In an office lined with miniature trees sits an environmental engineer, known for her passion and expertise. Earth Day is Angela’s favorite time of the year, a chance for her to connect with a group that’s so hopeful and sincere. This group is filled with folks around four feet in height, who have wide-open eyes, witnessing a world filled with light. Just like the Lorax, who speaks for the trees, these little kids truly care that our grass remains green and pollution stays out of our water and air.
Angela Fisher is an environmental engineer in the Environmental Technology Lab at Global Research where she works on the ecoassessment center of excellence team. The team focuses on GE’s environmental initiatives. Each year on Earth Day, she makes it her personal mission to share her environmental expertise andpassion for the environment with a group of elementary school children whom she describes as optimistic, innocent and enthusiastic.
Angela kicks off the annual day reading a story to the kids. She often selects one of her favorites, The Lorax by Dr. Seuss. In the book, the Lorax (the tree hugger) leaves the Once-ler (the tree mugger) with a stone inscribed with the word, “unless.”
After years of pondering the meaning behind this simple word, the Once-ler finally understood it when a young boy came to plant a tree in the severely polluted environment that was once a beautiful, pristine valley. “Unless someone like you cares a whole awful lot, nothing is going to get better. It’s not,” the Once-ler told the boy.
Angela said she felt energized after spending her day with young, first-grade minds who really care about the environment and left the school that day feeling confident that this generation will take a stand for our planet.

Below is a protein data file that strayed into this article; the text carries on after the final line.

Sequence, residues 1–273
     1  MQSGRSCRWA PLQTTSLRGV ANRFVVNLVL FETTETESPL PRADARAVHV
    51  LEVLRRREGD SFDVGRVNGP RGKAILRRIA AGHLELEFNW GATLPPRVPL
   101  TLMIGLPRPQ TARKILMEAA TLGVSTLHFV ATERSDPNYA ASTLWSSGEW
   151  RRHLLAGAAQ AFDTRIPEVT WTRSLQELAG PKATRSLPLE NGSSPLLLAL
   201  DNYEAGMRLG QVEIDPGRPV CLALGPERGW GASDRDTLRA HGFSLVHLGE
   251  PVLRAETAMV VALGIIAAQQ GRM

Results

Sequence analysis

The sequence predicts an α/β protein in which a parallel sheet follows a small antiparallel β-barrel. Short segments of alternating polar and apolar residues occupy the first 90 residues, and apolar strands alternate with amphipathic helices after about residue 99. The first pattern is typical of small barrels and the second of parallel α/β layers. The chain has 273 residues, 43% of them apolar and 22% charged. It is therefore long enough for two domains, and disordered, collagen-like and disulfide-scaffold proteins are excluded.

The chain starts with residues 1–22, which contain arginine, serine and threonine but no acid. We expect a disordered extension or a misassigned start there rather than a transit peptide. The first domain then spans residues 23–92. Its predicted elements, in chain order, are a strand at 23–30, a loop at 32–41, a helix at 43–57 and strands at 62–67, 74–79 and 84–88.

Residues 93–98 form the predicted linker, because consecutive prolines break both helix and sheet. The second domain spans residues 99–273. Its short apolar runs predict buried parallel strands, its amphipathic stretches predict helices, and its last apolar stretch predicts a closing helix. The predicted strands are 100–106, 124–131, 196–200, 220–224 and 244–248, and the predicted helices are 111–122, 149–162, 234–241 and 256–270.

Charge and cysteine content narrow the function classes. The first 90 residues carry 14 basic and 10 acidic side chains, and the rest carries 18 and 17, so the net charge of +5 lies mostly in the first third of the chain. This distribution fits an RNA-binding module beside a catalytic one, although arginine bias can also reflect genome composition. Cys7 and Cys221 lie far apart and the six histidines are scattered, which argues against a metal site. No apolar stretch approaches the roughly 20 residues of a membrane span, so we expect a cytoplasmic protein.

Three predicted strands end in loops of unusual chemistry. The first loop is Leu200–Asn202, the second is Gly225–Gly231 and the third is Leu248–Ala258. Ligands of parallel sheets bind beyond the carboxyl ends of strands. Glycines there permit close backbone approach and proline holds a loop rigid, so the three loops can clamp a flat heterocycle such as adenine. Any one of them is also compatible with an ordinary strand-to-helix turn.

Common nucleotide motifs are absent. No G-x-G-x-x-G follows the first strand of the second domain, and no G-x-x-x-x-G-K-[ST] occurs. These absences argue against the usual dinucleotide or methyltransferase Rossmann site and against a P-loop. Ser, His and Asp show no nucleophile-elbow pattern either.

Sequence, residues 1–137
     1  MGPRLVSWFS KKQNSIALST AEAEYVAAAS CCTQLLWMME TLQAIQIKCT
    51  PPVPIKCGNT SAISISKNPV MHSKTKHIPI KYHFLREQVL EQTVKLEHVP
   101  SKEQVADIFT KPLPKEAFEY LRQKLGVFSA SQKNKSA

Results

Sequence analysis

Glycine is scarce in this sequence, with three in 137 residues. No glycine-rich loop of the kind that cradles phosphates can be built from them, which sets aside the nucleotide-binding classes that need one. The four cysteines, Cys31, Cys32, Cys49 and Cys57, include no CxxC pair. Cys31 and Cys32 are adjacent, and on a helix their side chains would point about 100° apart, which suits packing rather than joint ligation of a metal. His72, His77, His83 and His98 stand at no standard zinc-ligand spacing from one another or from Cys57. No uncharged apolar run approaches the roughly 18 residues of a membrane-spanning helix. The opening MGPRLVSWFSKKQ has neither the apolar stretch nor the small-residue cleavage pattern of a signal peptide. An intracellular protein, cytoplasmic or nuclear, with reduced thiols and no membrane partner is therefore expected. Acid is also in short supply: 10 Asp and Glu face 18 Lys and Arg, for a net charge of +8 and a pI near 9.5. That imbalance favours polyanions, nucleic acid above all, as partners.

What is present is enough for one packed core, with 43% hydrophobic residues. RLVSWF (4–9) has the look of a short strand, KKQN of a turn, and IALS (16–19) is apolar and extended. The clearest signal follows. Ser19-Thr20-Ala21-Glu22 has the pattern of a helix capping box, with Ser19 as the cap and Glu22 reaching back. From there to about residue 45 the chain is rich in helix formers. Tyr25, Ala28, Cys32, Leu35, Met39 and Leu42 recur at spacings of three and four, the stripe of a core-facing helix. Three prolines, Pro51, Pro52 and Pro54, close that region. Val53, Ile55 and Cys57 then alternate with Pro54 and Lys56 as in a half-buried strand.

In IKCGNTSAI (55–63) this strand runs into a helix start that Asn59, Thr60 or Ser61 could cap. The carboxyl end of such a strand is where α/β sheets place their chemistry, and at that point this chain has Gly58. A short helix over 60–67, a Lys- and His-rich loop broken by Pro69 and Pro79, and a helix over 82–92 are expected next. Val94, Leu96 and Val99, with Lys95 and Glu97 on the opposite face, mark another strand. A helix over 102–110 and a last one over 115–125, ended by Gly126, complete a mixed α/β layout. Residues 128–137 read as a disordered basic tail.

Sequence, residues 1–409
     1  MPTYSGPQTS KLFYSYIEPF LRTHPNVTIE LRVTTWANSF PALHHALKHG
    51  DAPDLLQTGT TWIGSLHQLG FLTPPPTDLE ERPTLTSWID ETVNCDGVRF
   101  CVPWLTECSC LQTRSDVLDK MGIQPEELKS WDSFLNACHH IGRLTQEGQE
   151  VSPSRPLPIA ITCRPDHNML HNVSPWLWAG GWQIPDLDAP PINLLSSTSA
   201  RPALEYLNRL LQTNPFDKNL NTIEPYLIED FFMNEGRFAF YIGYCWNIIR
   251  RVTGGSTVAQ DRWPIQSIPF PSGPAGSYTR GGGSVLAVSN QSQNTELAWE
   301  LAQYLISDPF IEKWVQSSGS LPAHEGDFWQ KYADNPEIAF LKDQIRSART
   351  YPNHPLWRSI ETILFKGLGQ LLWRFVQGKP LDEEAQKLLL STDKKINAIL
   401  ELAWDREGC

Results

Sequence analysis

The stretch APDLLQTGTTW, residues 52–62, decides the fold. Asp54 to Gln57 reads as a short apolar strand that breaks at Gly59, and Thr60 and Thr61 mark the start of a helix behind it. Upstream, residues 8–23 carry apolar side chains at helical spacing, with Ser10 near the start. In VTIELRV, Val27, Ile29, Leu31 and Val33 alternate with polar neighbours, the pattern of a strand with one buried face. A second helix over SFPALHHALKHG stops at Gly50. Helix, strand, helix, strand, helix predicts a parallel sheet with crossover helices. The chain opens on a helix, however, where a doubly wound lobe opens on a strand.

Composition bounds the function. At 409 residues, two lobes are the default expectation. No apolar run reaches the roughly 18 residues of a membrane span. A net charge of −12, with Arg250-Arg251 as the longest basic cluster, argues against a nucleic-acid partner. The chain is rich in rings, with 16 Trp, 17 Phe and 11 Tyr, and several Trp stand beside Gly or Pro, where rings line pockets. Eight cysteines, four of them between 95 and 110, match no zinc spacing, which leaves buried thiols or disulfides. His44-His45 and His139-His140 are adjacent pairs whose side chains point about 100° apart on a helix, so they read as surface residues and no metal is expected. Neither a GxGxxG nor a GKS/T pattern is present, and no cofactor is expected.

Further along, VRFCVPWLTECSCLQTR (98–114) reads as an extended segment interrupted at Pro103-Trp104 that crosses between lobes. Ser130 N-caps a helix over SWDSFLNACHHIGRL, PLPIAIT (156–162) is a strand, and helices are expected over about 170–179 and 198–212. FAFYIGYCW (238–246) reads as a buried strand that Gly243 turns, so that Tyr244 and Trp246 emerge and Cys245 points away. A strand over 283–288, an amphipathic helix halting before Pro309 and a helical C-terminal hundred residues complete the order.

Throughout the day, Angela and the kids brainstormed things they could do, such as reusing the other side of a paper when drawing a picture and turning off the overhead lights, leaving a just a tiny nightlight on when going bed. “These are their ideas. I give them some starting points, and then they just keep feeding off of each other,” Angela said.
The little Loraxes really impressed Angela when they started talking about the topic of endangered species. The kids knew about the California condor and how there are so few left in the wild and how polar bears’ habitats are shrinking.
A highlight of Angela’s day came when they were discussing recycling. “I said to them, what happens to a piece of paper when you recycle it?” “Well it becomes a new piece of paper,” they replied. “And what happens when that piece is recycled?” Angela asked. “It just keeps becoming new and new paper every time!” “They’re so smart. They get it,” Angela said.
Not only does Angela “speak for the trees,” she acts for them too. “With a family of four (two being young children) we committed to creating less waste by downsizing to a little trashcan for our household. The kids understand that trash doesn’t just disappear once you throw it away!”
The family has four times the amount of recycling as they do trash each week. They reduce or reuse as much as possible and maintain a compost pile for their fruit peels, veggie scraps, and coffee grounds. As a family, they consciously strive to ‘tread lightly’ on their journey through life.
Back at the Research Center, her passion and commitment radiates down the halls where she evaluates the way GE creates, uses and disposes of products and finds ways to minimize resource consumption and environmental emissions to our planet. But whether at work, in a classroom or at home, she embodies the message that if we all think and act in a conscious way, and everyone speaks for the trees, our planet can be the healthy place it is intended to be.